Tucked into a desolate corner between Tarija and Uyuni, lies the red rock canyon of Tupiza, Bolivia. It is a place like Mars or the moon, or so the people say who have never been to either. What I can tell without conviction, it does resemble the famed red-rock canyon. The one in the North American state of Utah.
We stand in the middle of distinguished rock formations and I chuckle over the irony of our location. For nothing more than the cost of Bolivia’s over-priced gasoline we stand in the middle of stunning red canyons. Canyons that I once believed were unique to the American SouthWest. No entrance fees, no permits, no required guides, no tourists…just red rock canyons.
It reminds me of our days in Peru when we learned about Colca Canyon. A canyon supposedly deeper than America’s iconic Grand Canyon. Yet, we had suspiciously never heard of it before. This lead to me wandering around wondering. Why is South America shrouded in natural beauty kept secret from a world who would love to see it?
This place hosts a startling rawness that makes it feel like we are among the first people to see it. Other than the landmarks named for tourism like the Puerta del Diablo (the Devil’s door), Canon del Inca (Canyon of the Incas), and Valle de Los Machos (Valley of the Males) ; there is no sign of government infrastructure. The roads are unpaved and dusty, the scrappy trees unmanicured. The points of interest are without legible signage and the paths unmarked. Except for the dusty footprints of horses who trod before us.
It is a wild place that does not even seem to have an official name. In fact, as far we have seen, it is not being promoted even from nearby tourism destinations. In other words, unless you land here as an overnight stop to Uyuni, it’s likely travelers would never know of its existence.
That was indeed our plan, to simply catch our z’s in Tupiza, while en route to Bolivia’s most famous attraction: the Uyuni Salt Flats. But, from the moment we came around the bend outside of town, we felt the allure of the canyons. We asked about camping but learned that the toasty days still turn into frosty nights. So, we checked into our hostel for 5 nights rather than 1. We spent all of these days around Tupiza. Even through a national holiday, traipsing around the backroads and trying not get lost in the desert countryside.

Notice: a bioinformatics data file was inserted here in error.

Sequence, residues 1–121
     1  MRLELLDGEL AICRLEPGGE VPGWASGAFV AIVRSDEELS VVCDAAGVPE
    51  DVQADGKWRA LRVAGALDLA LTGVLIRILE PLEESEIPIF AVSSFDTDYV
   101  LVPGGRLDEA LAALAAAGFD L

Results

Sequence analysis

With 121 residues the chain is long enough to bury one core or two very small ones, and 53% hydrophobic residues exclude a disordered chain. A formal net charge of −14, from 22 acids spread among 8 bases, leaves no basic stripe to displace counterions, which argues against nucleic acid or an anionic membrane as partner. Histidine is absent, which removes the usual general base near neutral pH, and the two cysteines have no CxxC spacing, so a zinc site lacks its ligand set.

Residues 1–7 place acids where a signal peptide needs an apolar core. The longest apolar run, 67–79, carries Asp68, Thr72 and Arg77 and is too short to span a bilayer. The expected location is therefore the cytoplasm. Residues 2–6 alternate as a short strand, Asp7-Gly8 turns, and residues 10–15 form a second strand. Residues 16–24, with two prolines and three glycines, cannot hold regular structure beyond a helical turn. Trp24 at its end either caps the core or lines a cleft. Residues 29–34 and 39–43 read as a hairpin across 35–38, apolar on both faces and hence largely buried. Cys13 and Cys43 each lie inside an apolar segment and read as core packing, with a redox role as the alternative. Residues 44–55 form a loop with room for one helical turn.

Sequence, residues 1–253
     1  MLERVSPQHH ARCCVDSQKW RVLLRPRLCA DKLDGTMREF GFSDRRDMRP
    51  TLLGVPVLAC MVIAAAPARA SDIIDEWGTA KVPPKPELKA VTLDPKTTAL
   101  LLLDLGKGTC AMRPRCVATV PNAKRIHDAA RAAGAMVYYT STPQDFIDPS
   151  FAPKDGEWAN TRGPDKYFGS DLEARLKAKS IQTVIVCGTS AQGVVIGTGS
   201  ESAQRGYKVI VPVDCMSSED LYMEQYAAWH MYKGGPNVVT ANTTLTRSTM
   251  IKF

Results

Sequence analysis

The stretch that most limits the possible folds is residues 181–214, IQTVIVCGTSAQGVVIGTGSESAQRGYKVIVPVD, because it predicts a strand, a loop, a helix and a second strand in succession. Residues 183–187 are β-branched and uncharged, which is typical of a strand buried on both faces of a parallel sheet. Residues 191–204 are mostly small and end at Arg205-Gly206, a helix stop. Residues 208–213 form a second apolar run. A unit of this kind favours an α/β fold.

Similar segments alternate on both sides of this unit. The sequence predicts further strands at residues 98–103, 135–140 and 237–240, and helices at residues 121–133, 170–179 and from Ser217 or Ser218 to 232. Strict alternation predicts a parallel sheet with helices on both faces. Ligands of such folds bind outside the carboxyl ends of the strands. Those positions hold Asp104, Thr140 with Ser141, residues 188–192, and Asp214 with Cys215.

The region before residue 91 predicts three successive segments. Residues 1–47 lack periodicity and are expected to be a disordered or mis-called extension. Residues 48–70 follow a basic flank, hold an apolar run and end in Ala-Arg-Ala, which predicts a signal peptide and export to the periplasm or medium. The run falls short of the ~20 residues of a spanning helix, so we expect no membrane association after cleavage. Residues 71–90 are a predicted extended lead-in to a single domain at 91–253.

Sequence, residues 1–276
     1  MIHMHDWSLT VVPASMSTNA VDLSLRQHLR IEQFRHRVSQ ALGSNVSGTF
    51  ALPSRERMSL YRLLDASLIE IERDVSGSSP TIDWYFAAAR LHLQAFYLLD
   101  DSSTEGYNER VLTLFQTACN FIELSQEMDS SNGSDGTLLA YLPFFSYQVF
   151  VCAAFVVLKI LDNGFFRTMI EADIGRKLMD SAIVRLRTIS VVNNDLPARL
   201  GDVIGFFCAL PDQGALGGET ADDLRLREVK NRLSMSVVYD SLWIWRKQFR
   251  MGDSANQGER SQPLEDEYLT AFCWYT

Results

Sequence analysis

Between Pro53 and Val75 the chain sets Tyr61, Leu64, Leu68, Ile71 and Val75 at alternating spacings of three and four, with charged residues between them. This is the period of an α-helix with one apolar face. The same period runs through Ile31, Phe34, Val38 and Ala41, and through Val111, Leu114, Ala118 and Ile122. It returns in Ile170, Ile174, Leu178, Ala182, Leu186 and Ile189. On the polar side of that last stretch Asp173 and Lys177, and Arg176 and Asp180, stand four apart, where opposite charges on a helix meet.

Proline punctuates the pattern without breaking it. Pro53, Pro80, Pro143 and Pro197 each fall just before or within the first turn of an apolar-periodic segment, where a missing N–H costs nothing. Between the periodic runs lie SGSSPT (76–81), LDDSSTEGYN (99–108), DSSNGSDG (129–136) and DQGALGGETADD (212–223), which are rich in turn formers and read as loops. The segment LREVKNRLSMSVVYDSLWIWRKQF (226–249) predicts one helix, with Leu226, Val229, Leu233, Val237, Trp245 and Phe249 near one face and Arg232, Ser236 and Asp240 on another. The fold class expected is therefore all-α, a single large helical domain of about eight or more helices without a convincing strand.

What we saw were glimpses of the earth’s creation, like we’ve never seen before. Winding roads that scaled to the tippy tops of jagged mountains. Then, plunged down again to the rocky, riverbeds of echoing canyons. Mile after mile without a trace of other humans. Vistas that enhanced our comprehension of weather and terrain. Imagine a snow cloud dusting massive cacti perched on shards of earth pointing into the sky. Scenery so incredible it often left us speechless.
The kids were at such peace here. Without any persuasion or introduction, they were naturally drawn to investigate one hundred rocks or more. And, then to throw their voices high and low into the surrounding landscapes, testing the power of sound and space through echo.
Carlos and I were content to push the limits of our beloved Landcruiser, Magma. Once more, she performed without hesitation, taking us wherever we dreamed to go.
The city of Tupiza, Bolivia and her cradle of red-rock canyons are a lesser known South America destination. They should not be missed, particularly for those who love undisturbed nature and off the beaten path adventures. For those who love Utah (like I do), it’s a fun place to make a comparison about opposite ends of the Americas.